"We'll be there for the meetings and have prepared lists for each district about what needs to be done," Preau said. Details range from the mundane to the critical, and are designed to ensure continuity in everything from employee health benefits to legal representation for lawsuits.
The dissolution of local governing boards in favor of regional oversight fulfills a congressional mandate that the state consolidate levee operations in southeast Louisiana or forfeit millions of federal dollars earmarked to study how to best protect against catastrophic storms.
Two new authorities will manage the maintenance of flood- and hurricane-protection systems on both sides of the Mississippi River, ending the balkanized system of management that some critics say contributed to the failed patchwork of levees and floodwalls during Hurricane Katrina.
Although Gov. Kathleen Blanco will appoint the new commissioners as she did the old ones, a nominating committee of academicians, scientists and government activists will give the governor a slate of names from which to make her choices. Previously, local politicians asked the governor to appoint specific individuals.
The new boards must include engineers and scientists, whereas the old boards did not.
The Southeast Louisiana Flood Protection Authority-East will have 11 commissioners to govern the East Jefferson, Lake Borgne Basin and Orleans levee districts, as well as newly created districts in St. Tammany and Tangipahoa parishes. The Southeast Louisiana Flood Protection Authority-West will govern the West Jefferson Levee District and the Algiers portion of New Orleans with seven commissioners.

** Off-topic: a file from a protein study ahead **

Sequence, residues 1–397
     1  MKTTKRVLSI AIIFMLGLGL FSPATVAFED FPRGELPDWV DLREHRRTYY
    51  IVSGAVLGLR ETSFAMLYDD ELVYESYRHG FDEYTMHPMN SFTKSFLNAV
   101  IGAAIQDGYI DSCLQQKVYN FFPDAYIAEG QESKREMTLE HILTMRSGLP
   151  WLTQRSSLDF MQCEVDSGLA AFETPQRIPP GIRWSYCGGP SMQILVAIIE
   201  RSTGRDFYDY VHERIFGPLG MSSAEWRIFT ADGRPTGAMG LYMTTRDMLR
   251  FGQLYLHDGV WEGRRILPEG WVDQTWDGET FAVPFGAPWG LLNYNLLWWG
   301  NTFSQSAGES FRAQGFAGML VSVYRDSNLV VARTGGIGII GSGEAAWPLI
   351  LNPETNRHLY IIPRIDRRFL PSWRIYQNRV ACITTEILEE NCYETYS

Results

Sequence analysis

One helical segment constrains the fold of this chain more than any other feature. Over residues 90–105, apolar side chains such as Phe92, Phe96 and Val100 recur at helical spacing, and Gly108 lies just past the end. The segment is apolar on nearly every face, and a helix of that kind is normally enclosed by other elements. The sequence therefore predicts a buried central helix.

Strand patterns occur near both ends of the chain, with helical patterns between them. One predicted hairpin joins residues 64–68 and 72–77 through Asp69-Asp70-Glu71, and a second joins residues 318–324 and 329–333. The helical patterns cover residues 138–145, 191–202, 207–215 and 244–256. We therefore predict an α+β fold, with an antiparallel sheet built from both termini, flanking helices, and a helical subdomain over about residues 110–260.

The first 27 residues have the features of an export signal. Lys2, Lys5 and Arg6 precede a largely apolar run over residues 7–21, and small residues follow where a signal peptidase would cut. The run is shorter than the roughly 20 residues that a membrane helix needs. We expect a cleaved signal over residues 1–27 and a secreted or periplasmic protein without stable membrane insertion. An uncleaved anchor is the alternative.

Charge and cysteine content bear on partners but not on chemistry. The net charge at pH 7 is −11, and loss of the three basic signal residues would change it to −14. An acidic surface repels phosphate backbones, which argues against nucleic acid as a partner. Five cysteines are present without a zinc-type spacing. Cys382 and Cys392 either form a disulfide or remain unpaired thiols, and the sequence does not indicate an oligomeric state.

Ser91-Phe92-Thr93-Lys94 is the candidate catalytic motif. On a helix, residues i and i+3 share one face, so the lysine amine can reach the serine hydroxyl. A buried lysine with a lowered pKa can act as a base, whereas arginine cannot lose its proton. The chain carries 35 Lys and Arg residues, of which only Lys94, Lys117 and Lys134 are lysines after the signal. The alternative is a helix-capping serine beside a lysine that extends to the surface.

Goal of continuity
The shift from local to regional management won't affect district employees and, if the transition is smooth enough, Preau said workers shouldn't be able to tell a difference.
"The boards will go away Dec. 31, but no employees will be laid off and the districts themselves remain intact," Preau said. "You'll still have an Orleans Levee District, an East Jefferson Levee District and a West Bank Levee District."
Preau said working out details of the transition, which includes identifying and addressing a raft of legal and bookkeeping issues, has proved to be complex task.
"If you look, you'll see that there's a lot of lawyers on the transition team, and there's a reason for that," he said.
Preau said the districts are being urged to pay all bills so outgoing commissioners can sign the checks before they leave office, in case the new boards are not seated by Jan. 1. If some sort of temporary team is needed during the first few days of January, Preau said that will be handled by the nominating committee.
"They promise us they'll have something if needed," he said. "The key will be to figure out how quickly we'll have the new boards seated."
The committee hopes to have a slate of nominees to Blanco by Dec. 25.
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Sheila Grissett may be reached at email@example.com or (504) 467-1746.